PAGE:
YUP!!! Had that insult loudly hurled at me out on the playground and since I thought he was oooooo soooo cute, it really cut me deep. I was so angry with my Momma for sending me out into the world looking like a Q-tip. Don’t judge me, 6th grade is rough!!! It didn’t get better as I went to high school and almost flunked gym because I did NOT want to get my hair wet and spend all of my lunch blow-drying it and trying to smooth it out with my butane curling iron (that would NEVER get hot enough). Oh stop looking like you didn’t have the butane clicker.
My desire to look like everyone else offended my Mom and her desire to have me out there in the world being different offended me. My flawed perception of my beauty was based on the texture and length of my hair because that is what was accepted in school, that is who was liked and that is what I wanted to be.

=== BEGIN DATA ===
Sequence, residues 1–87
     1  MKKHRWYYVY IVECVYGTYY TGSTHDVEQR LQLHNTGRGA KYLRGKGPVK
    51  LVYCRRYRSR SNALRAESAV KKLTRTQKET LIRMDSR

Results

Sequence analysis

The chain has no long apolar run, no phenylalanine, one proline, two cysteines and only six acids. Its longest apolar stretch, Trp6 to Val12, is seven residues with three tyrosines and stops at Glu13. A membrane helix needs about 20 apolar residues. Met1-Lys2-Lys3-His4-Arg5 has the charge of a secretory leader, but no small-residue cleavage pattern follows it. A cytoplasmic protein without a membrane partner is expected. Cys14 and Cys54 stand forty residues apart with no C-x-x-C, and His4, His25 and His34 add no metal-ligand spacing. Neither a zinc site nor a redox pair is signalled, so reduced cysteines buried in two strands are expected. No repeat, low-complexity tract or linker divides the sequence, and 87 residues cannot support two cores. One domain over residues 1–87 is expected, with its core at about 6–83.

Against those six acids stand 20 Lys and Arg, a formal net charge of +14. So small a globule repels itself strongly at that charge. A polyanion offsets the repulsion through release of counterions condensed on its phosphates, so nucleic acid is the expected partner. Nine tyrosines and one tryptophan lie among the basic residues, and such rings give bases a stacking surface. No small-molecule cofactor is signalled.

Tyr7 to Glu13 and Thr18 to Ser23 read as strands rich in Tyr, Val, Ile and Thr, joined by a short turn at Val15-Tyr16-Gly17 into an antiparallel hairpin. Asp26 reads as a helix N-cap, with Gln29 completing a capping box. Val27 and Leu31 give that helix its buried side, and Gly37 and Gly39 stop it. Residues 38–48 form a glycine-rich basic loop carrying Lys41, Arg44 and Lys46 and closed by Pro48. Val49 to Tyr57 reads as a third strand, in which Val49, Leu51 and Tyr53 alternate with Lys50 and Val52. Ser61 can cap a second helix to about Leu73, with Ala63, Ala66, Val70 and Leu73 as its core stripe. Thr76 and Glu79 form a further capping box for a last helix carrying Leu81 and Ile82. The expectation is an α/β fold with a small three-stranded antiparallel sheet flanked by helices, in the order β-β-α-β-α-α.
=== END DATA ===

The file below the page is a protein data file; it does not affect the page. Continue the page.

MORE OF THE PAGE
I’m older now…and know who Angela Davis is (being like her is not a bad thing). LOL!!! I look back and understand that my Mommy (while biased) taught me more about who I was and how many ways my beauty shined through during what I thought were “you’re ruining my life and the world is coming to an end” hair-tastrophies. India Arie (many years later) echoed my Mom with her declarative song I am Not my Hair (we’ll chat about that later).
I still love to express myself in various hair styles, lengths, shapes, textures and colors. No matter what there is someone out there questioning the who, what , when, where, why and how…..to them I say – check out the video and learn….. there are things women are tired of hearing Under their Brim.